depth values range from 5 to 20 if our hardware is performing enough to support it with the last one exploring all paths of length 20 before choosing its move (320 paths). Another important parameter is the
state of the environment, that is, a matrix representation of the game where each of the 22×22 cells can assume three different values:
- Wall or snake’s part;
Where 22 is because the matrix includes the walls surrounding the arena.
player_y are the coordinates of the head of the snake in the environment matrix and
initial_depth is a constant value to remember the value of the original
depth. Now, let’s dive into the algorithm implementation by analyzing its pseudo-code step-by-step.
def deep_search_move(state, player_x, player_y, depth=10, initial_depth=10): # end of search because reached limit depth if depth == 0: return 40 - distance_closest_food(player_x, player_y) # end of search because collision occurred if state[player_y, player_x] == 1: return -1000 + (initial_depth - depth)
As we can see from the above code, if the recursion terminates when reached the maximum depth, then it returns a value that is proportional to the proximity to the food. In this way, paths terminating closer to the food will get a better score and will be more likely to be chosen. Otherwise, if the search finished because a collision occurred, it just returns a negative value indicating that the explored path resulted to be a wrong one. The tweak of adding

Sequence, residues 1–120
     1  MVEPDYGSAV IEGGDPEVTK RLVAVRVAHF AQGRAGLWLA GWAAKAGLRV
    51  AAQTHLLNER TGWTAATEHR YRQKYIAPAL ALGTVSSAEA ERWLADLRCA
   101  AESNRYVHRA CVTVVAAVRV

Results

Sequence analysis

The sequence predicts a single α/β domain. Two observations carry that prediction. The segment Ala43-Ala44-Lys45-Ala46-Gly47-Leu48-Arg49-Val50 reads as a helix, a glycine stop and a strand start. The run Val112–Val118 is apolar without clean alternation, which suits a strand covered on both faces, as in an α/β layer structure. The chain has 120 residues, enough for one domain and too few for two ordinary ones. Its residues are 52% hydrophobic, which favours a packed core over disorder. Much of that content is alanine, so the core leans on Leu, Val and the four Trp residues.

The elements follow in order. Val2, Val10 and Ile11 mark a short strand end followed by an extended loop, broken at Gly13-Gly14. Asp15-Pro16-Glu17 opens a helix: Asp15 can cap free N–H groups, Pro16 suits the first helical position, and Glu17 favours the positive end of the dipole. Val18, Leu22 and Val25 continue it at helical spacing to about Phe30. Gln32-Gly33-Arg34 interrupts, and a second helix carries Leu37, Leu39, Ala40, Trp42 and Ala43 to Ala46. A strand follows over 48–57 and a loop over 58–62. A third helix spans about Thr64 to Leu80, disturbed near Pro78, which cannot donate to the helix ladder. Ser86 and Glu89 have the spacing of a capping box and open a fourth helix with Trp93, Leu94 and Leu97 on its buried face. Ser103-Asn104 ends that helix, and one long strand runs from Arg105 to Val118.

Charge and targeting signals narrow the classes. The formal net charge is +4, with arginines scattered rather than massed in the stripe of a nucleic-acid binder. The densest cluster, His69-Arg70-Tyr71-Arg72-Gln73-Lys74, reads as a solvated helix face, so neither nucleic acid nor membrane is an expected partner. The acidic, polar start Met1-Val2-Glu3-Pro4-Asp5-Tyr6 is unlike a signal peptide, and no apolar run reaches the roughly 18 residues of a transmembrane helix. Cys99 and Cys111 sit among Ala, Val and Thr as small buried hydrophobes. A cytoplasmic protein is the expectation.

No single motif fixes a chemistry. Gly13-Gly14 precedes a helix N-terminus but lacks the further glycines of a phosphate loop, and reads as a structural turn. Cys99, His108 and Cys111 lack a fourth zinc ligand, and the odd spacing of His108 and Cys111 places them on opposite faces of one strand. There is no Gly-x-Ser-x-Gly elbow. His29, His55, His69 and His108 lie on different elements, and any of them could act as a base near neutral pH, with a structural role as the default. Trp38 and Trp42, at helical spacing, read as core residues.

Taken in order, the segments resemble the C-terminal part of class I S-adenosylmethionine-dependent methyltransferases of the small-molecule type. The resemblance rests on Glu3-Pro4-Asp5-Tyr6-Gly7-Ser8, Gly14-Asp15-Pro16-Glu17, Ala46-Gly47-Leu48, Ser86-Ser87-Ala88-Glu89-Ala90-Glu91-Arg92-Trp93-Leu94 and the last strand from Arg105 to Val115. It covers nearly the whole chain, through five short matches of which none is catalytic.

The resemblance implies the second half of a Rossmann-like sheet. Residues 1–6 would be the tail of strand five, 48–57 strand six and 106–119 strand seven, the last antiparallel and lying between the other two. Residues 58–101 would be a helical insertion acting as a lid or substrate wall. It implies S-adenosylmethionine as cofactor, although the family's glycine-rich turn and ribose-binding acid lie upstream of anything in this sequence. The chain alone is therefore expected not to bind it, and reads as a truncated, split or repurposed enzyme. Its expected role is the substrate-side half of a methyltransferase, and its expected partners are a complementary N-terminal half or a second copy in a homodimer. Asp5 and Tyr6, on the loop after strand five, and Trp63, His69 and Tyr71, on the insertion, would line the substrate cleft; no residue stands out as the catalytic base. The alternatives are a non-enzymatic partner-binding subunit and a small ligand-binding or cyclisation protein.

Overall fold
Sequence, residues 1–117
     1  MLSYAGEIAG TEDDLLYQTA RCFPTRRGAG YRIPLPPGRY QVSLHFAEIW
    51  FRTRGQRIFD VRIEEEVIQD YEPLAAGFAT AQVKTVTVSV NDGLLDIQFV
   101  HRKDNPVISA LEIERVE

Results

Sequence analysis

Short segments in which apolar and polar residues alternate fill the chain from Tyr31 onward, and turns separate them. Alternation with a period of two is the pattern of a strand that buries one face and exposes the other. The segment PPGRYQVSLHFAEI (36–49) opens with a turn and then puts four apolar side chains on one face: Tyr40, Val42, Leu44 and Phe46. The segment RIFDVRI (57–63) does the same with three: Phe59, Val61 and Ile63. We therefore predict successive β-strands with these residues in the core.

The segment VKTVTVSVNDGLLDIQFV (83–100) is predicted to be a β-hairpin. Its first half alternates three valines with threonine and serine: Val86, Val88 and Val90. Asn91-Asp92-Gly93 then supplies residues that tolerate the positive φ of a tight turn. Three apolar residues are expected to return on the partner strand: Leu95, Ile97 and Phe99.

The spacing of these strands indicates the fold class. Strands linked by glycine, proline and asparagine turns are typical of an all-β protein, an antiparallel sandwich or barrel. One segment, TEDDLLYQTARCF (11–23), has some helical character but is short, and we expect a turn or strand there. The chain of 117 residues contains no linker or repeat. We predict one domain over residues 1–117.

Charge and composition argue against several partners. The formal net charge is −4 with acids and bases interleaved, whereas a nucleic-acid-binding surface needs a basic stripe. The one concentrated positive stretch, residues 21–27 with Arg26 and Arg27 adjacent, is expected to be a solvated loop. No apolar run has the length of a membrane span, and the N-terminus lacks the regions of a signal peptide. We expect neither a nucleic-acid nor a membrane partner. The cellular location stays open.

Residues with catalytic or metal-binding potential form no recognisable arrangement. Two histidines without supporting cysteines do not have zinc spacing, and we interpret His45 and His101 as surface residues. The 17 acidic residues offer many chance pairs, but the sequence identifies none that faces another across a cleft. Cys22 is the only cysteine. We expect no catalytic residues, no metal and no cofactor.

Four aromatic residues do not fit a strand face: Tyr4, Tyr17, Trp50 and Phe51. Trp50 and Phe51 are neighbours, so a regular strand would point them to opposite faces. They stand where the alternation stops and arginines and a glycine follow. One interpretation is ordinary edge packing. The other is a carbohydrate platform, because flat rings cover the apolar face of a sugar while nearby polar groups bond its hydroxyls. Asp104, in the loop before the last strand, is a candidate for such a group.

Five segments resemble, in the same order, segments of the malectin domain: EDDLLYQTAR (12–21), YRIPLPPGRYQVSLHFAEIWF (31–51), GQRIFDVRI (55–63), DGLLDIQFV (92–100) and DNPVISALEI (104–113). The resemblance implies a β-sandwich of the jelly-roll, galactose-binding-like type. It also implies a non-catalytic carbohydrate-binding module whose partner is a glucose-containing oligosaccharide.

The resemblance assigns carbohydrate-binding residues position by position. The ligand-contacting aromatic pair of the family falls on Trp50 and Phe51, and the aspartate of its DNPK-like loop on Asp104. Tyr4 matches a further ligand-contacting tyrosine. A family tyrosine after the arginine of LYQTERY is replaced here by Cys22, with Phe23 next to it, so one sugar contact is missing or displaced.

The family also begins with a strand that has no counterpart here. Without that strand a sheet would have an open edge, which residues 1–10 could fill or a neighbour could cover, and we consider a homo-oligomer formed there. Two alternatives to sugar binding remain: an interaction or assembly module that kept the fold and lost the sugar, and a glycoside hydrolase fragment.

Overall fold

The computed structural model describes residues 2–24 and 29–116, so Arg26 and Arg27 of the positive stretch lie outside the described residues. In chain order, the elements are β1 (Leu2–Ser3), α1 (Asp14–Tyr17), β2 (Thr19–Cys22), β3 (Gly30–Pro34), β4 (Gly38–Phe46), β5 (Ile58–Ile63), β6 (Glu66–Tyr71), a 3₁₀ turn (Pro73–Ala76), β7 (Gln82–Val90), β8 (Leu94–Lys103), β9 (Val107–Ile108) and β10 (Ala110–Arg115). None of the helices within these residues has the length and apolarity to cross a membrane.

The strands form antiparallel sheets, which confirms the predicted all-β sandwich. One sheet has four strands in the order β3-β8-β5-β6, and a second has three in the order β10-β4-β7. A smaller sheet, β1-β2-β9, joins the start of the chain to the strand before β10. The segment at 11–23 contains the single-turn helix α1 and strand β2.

initial_depth - depth to the negative value -1000 is used to slightly better reward those paths taking more steps before causing the snake’s death.
Going on with the next part of the algorithm, we consider the consequences of being in a particular state. For this purpose, it is added a bonus or malus to the current state if some specific conditions are met. For example, if a food has been eaten, it is added a bonus of 100 to mark the explored path as a good one. This time we subtract the value
initial_depth - depth so to prefer those paths leading to the food requiring the least number of steps. Conversely, a malus of -80 points is added if some dangerous situations are met in order to make them less likely to encounter. Following is reported an example of a dangerous situation as well as the code relative to this section.
# bonus or malus reward awarded when some conditions are met add_reward = 0 # during the exploration a food has been eaten (BONUS) if state[player_y, player_x] == 2: add_reward = 100 - (initial_depth - depth) # during the exploration a dangerous situation has been encountered (MALUS) if danger(player_x, player_y): add_reward -= 80
The last part of the algorithm presents a typical recursive search structure. It keeps interacting with the environment and exploring more sub-paths by simulating moving toward each of the four possible directions. Finally, the value of the original state is restored and is returned the value corresponding to the direction belonging to the best path explored so far, eventually modified with the bonus or malus encountered in the current state.